Wednesday, December 22, 2010
The Black Stallion's Filly (1952)
The Black Stallion's Filly
Walter Farley, il. Milton Menasco
1952, Random House
Black Minx came into the ring held firmly by the white-coated attendants who handled all the horses up for sale. She was coal black and small. She had a quick, competent walk as she was led about the ring, and it was apparent to those who watched her that her limited size was misleading, for she had more muscle than was noticeable at first glance. Her head was light and beautiful with great breadth between sharp eyes, a slightly dished nose, a narrow muzzle and sensitive nostrils. Her only disfigurement was a short tail, so short that it was barely more than a stump.
Henry Daily, bored with life on Hopeful Farm after he retires Satan from the track, decides to buy himself a racehorse. He buys a two-year-old filly by the Black despite her dubious history (she took her last jockey through the rail, breaking his collarbone), sure he can fix her. Alec, content to stay home at the farm, isn't so sure, but in his quiet, reliable way decides not to argue but do everything he can to help his old friend achieve his goal - to have this wild, wilfull, contrary filly whose last race ended in the infield, ready to run in America's premiere classic, the Kentucky Derby. And win.
...[Alec] went back in memory to the days when Henry had taken him and the Black under his wing, when Henry had encouraged him to race the Black because he had confidence in Alec's ability to handle the stallion on the racetrack. At the time, Henry's enthusiasm had sounded just as fantastic... But it had turned out the way Henry had said it would. He had ridden the Black to victory over the best horses in the country.
First, Henry and Alec have to fix the filly's horrible ground manners, which include biting and kicking. In a sequence which is ground indelibley into the minds of anyone who reads the book, Henry finally resorts to a baked potato to cure Black Minx's willingness to bite. I won't spoil it by quoting, but that chapter alone makes the book worth reading.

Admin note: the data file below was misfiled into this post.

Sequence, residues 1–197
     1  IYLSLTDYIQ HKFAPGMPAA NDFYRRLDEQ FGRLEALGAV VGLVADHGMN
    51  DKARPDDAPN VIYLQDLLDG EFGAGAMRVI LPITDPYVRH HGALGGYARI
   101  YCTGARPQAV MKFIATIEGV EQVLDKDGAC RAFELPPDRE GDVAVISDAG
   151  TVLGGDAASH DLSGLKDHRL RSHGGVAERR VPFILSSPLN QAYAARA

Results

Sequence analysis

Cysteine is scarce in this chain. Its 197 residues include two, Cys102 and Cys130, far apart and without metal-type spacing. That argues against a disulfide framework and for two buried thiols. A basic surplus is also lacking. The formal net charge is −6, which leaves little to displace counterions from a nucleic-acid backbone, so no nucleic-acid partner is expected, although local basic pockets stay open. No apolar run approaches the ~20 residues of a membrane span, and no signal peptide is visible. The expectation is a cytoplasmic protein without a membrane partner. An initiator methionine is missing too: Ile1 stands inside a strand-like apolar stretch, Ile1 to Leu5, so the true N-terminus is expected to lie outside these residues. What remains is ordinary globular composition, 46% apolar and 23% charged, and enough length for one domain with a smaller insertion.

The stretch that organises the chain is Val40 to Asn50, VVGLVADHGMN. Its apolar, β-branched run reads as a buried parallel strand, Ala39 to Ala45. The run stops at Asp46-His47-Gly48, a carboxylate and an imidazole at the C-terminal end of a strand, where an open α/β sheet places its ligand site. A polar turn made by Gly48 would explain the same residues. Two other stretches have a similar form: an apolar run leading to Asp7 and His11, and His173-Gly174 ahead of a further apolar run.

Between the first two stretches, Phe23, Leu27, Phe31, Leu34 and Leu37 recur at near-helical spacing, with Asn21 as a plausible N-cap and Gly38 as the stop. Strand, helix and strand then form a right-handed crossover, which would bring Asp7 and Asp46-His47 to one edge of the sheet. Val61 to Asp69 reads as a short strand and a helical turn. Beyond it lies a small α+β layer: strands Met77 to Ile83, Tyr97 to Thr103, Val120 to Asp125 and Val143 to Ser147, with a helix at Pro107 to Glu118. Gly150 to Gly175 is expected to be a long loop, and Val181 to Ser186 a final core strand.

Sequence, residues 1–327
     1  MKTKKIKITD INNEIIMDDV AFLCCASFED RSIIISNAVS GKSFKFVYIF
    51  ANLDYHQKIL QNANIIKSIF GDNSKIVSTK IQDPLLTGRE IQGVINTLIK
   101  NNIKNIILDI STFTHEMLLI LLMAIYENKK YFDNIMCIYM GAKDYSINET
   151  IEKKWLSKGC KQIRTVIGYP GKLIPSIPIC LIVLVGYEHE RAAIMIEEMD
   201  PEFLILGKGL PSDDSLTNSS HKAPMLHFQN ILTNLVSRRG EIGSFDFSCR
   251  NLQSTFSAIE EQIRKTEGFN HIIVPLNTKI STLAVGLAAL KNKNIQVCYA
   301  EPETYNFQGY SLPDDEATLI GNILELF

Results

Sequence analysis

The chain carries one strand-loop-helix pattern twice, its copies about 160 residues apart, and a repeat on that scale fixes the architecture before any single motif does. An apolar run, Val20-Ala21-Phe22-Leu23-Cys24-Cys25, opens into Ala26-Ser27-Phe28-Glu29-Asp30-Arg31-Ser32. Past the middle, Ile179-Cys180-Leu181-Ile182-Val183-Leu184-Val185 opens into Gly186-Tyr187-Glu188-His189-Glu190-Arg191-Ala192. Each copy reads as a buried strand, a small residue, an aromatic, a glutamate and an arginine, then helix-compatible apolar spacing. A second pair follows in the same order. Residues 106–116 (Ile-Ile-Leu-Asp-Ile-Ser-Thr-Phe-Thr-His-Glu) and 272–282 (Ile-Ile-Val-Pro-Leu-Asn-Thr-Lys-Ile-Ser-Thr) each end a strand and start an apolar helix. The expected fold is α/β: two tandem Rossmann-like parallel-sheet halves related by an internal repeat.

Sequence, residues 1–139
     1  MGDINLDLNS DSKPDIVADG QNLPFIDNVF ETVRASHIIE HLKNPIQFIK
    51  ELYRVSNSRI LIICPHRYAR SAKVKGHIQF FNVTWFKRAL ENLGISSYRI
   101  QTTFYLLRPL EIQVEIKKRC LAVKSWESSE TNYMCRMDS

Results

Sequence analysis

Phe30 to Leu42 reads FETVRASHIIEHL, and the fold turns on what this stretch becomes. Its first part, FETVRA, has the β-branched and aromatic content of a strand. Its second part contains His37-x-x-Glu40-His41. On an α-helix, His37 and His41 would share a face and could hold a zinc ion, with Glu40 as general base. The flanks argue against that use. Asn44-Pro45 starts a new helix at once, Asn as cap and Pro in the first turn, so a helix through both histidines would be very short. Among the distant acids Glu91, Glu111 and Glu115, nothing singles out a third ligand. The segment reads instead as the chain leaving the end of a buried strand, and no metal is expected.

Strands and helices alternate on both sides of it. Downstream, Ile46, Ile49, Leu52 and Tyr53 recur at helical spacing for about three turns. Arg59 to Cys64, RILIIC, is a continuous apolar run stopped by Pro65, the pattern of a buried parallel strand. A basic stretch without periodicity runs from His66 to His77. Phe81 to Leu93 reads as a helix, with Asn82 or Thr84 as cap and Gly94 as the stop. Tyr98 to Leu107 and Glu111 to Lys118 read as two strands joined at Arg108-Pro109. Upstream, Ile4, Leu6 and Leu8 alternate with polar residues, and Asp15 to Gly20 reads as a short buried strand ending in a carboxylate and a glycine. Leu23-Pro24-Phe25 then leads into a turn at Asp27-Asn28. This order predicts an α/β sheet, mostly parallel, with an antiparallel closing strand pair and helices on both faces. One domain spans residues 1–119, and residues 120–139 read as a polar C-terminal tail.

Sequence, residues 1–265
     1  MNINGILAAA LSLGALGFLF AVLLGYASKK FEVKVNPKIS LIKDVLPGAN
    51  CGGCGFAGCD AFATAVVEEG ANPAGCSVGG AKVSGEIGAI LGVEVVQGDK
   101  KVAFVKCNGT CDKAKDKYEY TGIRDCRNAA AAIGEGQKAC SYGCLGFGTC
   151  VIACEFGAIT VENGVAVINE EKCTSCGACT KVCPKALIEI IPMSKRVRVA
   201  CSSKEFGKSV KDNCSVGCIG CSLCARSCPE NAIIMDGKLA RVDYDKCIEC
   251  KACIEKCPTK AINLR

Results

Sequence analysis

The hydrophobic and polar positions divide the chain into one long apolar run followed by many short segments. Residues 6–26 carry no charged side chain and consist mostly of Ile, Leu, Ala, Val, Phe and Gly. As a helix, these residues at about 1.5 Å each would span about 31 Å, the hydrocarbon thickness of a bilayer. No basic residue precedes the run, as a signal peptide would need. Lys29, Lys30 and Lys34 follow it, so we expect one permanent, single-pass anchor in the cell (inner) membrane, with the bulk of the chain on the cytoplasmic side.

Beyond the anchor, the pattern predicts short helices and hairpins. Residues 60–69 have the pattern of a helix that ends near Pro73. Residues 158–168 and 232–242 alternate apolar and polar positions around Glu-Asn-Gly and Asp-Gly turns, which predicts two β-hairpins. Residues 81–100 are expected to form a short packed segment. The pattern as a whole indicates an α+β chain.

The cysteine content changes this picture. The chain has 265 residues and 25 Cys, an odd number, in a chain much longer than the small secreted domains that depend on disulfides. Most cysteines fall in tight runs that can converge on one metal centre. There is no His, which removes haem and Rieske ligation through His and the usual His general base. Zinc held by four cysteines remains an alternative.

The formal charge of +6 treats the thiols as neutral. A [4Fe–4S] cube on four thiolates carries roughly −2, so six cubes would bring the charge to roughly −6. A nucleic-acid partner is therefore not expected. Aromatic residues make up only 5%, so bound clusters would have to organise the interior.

While Henry is the trainer, Alec is the jockey and he quickly realizes that the filly's other issues are nothing compared to her indifference to racing. She has speed, but when Alec tries to work her faster, the filly placidly continues at the same pace as before, ignoring his urging to speed up. Henry's face, always grim, matches the winter weather of their New York state farm as he ponders how to best Black Minx and make her a racehorse.
In the meantime, Henry and Alec watch the televised races of warm-weather racing from Florida and California, where other Derby hopefuls are being honed. California darling Golden Vanity shows blistering speed in winning the Santa Anita Derby, Eastern colt Silver Jet lives up to his status as an early Derby favorite by winning the Flamingo Stakes, a filly named Lady Lee in the Louisiana Derby, and Wintertime and Eclipse in the Experimental.
An interesting book in that gruff, rough Henry has something personal on the line this time, and even loyal Alec sometimes wonders if he's seeing clearly. Farley's racing books tended to give the reader an extensive look at the competition, which creates a sense of realism, showing Henry and Alec studying the races of the horses and jockeys they'll be going up against in the Derby.
Black Minx - black filly
Golden Vanity - 17h chestnut colt
Moonstruck - bay colt
Silver Jet - grey colt
Lady Lee - filly
Wintertime - blood bay colt
Eclipse - brown colt
Ruth Sanderson paperback from the 1970s.
The most recent paperback edition.